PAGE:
Back in October, ReportGrid closed a $750K seed round with investors like Launch Capital, David Cohen, Walt Winshall, Doug Derwin, and Ed Roman — not long after it graduated from TechStars’ summer program in Boulder. The interest in ReportGrid was due to the fact that the company offers data analytics as a service (or DAaaS, if you prefer), providing companies with nifty scalable cloud database and visualization engine. In this way, it’s meant to be a turnkey, hosted alternative for developers to save them from having to build their own.
As Sarah wrote at the time, ReportGrid’s real value proposition is in the simplicity of its API, which, among other things, can plug into a SaaS vendor’s product to bake visualizations and analytics into the services they offer to customers. Essentially, ReportGrid is a simple, drop-in solution (targeted at developers) that allows them to avoid building analytics and visualizations services on top of MongoDB or Hadoop to offer reporting and customer intelligence. Building and maintaining those kind of big-data reporting solutions can suck the life out of companies, especially SMBs or those without significant IT resources.
While ReportGrid’s solution wipes away some serious friction for developers, it’s still a fairly simple solution — not to mention that companies like GoodData and LogiXML offer embeddable reporting solutions that help vendors get analytics into their products. That’s why, since its raise in October, the company has been focused on building the next phase of the company.
Tomorrow ReportGrid will announce the launch of Precog in alpha, which ReportGrid CEO John A. De Goes describes in equivocally alluring terms as “a cloud service for anticipating and manipulating the future.” No doubt that may pique the curiosity of science fiction fans and those dictators-to-be out there, but what does that mean in practice?
The CEO tells us that Precog is like a Heroku for all those (B2B or B2C) apps out there that consume huge quantities of data from a diverse set of services in order to provide users with insight and intelligence. The possible use cases here are much broader compared to ReportGrid, as thousands of today’s well-known apps suck in swaths of data on user activity, leveraging that data to offer better recommendations for their consumers on whatever it may be — music, shopping, movies. Take Fourquare, or Netflix, for example, both of which utilize their data on check-ins and movie likes and views to offer better recommendations on where to go or what to watch.
Amazon would be another great example, as every one of its pages is tailored (or personalized) based on what they know about you, your interests, activities, as well as on the buying habits of the collective user base. Of course, Amazon has thousands of senior R&D folks and data engineers working on these personalization features, so, with Precog, ReportGrid wants to give the same tools to SMBs, startups, and everyone else who may not have access to the same resources.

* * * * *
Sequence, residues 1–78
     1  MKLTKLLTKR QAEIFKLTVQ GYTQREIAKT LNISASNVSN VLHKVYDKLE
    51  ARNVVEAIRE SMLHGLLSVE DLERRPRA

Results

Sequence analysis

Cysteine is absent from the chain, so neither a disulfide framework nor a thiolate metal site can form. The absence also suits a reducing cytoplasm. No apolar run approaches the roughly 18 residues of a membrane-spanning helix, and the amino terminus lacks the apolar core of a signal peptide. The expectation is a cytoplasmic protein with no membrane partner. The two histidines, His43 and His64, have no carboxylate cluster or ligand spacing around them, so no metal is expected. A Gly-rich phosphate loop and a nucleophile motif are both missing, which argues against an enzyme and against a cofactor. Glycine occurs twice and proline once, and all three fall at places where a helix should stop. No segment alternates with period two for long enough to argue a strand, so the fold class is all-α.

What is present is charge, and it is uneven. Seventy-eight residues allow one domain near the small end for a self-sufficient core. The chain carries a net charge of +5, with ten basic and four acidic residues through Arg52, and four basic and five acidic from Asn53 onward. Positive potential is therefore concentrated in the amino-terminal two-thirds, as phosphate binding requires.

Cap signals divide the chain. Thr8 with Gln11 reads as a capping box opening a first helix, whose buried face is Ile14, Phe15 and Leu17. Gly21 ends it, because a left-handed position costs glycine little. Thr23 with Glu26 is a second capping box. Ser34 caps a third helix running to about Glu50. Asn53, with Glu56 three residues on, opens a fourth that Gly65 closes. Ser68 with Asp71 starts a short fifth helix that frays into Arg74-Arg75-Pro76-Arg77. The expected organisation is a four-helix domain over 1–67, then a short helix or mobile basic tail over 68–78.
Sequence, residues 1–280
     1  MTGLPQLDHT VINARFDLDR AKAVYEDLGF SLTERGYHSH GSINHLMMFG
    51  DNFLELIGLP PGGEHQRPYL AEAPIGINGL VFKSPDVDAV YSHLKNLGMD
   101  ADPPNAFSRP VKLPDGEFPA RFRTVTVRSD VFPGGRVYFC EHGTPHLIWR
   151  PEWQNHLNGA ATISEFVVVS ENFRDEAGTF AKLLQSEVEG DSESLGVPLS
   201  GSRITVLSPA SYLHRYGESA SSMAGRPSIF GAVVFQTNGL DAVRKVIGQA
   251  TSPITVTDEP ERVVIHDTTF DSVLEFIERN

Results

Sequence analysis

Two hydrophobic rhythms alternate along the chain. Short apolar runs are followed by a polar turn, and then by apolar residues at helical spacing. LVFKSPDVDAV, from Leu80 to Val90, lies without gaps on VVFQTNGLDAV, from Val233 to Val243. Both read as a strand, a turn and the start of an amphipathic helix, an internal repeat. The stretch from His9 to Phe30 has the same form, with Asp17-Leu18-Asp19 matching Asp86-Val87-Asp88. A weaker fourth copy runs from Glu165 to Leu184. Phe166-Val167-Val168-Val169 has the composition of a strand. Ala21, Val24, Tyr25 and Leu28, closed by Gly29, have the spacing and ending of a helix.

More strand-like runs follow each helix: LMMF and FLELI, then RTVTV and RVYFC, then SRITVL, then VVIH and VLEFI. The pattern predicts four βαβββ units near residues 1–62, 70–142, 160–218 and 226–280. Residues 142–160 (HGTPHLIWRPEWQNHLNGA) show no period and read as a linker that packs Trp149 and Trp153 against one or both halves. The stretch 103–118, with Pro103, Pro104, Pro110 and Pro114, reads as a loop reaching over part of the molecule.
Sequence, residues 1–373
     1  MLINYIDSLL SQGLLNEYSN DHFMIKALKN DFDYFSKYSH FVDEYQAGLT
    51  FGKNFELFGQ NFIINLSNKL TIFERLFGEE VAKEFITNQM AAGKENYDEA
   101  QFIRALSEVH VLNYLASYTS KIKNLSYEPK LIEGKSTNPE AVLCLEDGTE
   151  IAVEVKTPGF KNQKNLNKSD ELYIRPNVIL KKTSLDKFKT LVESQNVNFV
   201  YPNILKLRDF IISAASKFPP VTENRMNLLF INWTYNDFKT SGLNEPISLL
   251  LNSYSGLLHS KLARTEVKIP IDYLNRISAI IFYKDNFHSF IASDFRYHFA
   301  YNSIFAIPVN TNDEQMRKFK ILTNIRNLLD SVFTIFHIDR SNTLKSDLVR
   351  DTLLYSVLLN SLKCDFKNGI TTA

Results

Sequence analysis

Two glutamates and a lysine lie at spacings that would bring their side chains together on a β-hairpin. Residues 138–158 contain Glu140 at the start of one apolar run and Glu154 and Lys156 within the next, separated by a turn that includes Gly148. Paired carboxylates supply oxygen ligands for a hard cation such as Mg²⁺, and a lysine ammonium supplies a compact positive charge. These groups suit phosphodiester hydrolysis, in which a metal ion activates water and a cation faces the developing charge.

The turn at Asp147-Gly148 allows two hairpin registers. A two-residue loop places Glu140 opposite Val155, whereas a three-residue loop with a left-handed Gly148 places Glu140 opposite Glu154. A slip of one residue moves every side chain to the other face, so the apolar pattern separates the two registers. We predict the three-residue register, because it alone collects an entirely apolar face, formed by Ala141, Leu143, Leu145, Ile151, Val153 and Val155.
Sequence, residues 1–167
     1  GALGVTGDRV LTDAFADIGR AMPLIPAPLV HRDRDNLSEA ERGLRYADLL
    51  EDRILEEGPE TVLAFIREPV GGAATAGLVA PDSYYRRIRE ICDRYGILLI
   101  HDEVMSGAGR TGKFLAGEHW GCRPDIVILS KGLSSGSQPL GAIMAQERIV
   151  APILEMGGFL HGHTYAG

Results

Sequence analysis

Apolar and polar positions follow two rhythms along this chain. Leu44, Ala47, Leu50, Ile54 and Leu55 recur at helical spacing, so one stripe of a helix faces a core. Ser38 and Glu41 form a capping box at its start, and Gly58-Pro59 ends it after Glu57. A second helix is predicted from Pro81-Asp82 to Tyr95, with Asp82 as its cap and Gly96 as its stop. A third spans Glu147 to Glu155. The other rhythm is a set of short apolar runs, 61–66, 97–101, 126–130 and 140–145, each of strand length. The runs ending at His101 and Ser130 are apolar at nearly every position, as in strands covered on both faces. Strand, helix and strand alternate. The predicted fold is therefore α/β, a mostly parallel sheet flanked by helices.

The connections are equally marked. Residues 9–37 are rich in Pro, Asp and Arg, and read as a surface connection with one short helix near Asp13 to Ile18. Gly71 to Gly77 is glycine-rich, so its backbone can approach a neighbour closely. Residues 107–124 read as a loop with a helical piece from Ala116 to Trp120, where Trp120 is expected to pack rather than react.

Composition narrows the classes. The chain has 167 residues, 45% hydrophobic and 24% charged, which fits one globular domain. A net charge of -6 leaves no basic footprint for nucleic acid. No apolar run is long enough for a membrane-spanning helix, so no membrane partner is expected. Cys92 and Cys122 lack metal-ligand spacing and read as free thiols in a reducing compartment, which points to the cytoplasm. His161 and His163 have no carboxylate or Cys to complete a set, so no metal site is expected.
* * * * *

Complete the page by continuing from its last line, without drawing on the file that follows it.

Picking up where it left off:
Whether they are created by developers big or small, every app out there can benefit from tracking clicks, activity, engagement, clustering, segmentation, etc. Precog gives teams access to all this from a simple control panel, adding or subtracting features by clicking a box. The other big piece of this is that, like Heroku, Precog offers an add-on marketplace, in which developers can select from a variety of data enrichments, like sentiment analysis, demographics by email, or contact normalization. ReportGrid visualizations will also be offered as a premium feature of Precog.
Thus, Precog enables users to store massive amounts of multi-structured data and perform sophisticated analytical, statistical, and predictive calculations across that data. As such, De Goes says that its marketplace will ultimately contain a suite of high-level, data-driven apps built by third-parties that enable businesses to directly benefit from its technology to take advantage of data analysis, predictive modeling, or, say, allow marketers to identify new potential leads.
If one takes the example of YouTube, and consumer-facing sites, Precog could be used to help keep users engaged with the site by showing them content that they are more likely to be interested in — thus generating more revenue through advertising. On the flip side, for B2B services, Precog can power reporting solutions that let them better understand and serve their users.
Of course, there are a number of point solutions similar in nature to Precog, like MongoDB and Vertica, all of which help solve problems in analytics and statistics. But these point solutions aren’t cloud offerings, they don’t have a marketplace with data enrichments, and only offer basic analytics. Precog is targeting an easier, full stack solution that works out of the box to solve complex problems in analytics and statistics.
Infochimps did recently announce that it was moving away from its data marketplace to build a platform for big-data apps, which will likely see the two companies become competitors — along with Continuuity, which is still in stealth.
The companies entering the space are doing just that — entering — and are still in the early phases. “There’s really no big, established player in this space that’s trying to become the Twilio for data analytics,” the CEO said. With powerful, robust APIs, and a head start, Precog could become a big player in the space, giving app developers and businesses a rest from maintaining hardware, or going through an elaborate setup process.
ReportGrid plans to offer an open source distribution of Precog later this year, with a REST API identical to that of its hosted version. Precog will likely enter beta in March, with a full, public release slated for July. We’ve also heard that the technology behind Precog has led to significant interest from investors, so stay tuned for some potential funding news.
Excerpt image from ZZE.ST